Dynamics/Execution - 5 - They were able to create an atmosphere that was reminiscent of a mystical kung fu/martial arts film.  The constantly shifting backdrop, revealing different aspects of the crew.  I do like the homage to their soon to be opened studio, called the Dojo. (Crazy to think that what started as a fun goofy dance project with the Anbu Black Ops and Cyber Ninja Scroll) has turned into this.  As usual there were no errors at all - everything was crisp and sharp. I caught myself holding my breath the whole time, breathing only when it was over.  Also - did anyone else catch that they ended the performance (before disappearing) in the same pose as when they started ABDC, on their knees facing the audience, before their Sensei? Pretty cool full circle stuff, a la Jabbawockeez.
Super Crew  - Super Fancy - “Block Rocking Beats” by The Chemical Brothers ft QViolin - 16
Choreography/Foundation - 4 - As usual the boys show they have foundation. The main part of this came when they were in a single line and each bboy (aside from DoKnock who was conducting) had their time to shine.  It may not be obvious but to have that much flavor this late in the game and still have fresh moves and combos like that is sick. And of course there were the group commandos, which were solid in their own right.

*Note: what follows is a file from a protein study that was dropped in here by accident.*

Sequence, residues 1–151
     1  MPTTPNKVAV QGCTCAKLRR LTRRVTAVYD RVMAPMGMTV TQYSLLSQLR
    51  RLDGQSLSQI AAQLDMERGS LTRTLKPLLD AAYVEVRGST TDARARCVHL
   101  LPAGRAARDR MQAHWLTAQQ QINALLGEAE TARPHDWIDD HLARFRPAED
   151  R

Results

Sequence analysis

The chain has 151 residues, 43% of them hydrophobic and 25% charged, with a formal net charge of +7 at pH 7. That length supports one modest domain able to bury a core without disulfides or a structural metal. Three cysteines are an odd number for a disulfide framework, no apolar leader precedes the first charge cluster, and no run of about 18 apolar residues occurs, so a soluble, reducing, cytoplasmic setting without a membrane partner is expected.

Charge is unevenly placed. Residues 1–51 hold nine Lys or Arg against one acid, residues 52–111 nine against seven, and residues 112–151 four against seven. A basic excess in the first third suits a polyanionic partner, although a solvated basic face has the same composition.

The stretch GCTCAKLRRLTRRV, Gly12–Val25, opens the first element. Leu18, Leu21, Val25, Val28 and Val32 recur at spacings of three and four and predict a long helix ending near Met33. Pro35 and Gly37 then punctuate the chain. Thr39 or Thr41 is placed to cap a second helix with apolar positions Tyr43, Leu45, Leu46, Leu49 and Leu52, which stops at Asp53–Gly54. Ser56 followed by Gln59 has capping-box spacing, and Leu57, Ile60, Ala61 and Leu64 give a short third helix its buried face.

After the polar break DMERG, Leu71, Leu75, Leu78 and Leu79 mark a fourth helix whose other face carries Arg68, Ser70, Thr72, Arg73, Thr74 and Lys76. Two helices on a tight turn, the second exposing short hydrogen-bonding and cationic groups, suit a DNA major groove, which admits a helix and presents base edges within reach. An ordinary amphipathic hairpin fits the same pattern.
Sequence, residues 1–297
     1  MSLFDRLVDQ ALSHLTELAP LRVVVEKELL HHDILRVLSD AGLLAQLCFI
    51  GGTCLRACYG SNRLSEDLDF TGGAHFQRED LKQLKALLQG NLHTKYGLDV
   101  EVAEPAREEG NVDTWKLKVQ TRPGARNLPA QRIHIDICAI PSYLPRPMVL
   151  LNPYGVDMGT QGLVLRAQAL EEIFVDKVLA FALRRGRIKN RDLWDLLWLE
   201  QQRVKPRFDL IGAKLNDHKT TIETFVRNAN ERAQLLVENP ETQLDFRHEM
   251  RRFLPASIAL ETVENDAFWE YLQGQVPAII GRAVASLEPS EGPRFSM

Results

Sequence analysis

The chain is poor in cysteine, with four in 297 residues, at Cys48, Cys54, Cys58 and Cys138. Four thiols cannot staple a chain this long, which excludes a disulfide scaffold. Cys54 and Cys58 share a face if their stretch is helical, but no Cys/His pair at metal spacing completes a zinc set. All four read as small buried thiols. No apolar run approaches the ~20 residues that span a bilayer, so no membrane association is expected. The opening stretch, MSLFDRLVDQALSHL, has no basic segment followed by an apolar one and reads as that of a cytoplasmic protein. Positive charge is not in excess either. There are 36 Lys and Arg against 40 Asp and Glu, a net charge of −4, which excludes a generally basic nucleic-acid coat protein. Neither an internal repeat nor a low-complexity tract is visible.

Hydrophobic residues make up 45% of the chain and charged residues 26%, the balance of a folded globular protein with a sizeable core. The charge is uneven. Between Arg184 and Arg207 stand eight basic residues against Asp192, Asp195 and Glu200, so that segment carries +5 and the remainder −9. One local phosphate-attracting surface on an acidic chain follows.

Wow Moments - 5 - Holy crap. This is why Lyrical Bboying needs to be a thing. Like we all got hot and bothered when DTrix was able to speed up and slow down his headspins. But to do it with mills and flares? To hi the stacatto not just with hand hops but with stalls, a mini 2000 to air chair, then pop back up again? And that’s just in the first 45 seconds. Then later on we get an extended 2000 as well as Neguin’s crazy 5 person jump.  And then to do it to live music (yes I know that KRNFX did it last week with Kinjaz, but that doesn’t take away from the fact that it’s still incredibly difficult to do so well.

Transitions/Composition - 3 - I think the first half was spectacularly structured. The lights, the transitions in and out of the spotlight. Flawless.  The part I really didn’t like was their parkour bit in the middle when it was essentially Neguin and (I think) DoKnock running across the stage, up the benches and then jumping off of them then running back? LIke that was impressive and I get they probably needed the speed. It just didn’t feel particularly bboy or dance-y in particular to me.

Dynamics/Execution - 4 - So as with Quest Crew, I actually see a bit of a throwback to their first Last Chance Challenge (the James Brown) with the musical lights. The whole packaging of the set as a opera/classical performance was very nice, different from what they’ve usually gone for in the past. DoKnock’s acting was fairly funny actually. Dance wise, there were a few spots that felt a tad sloppy, but not enough to constitute a major error.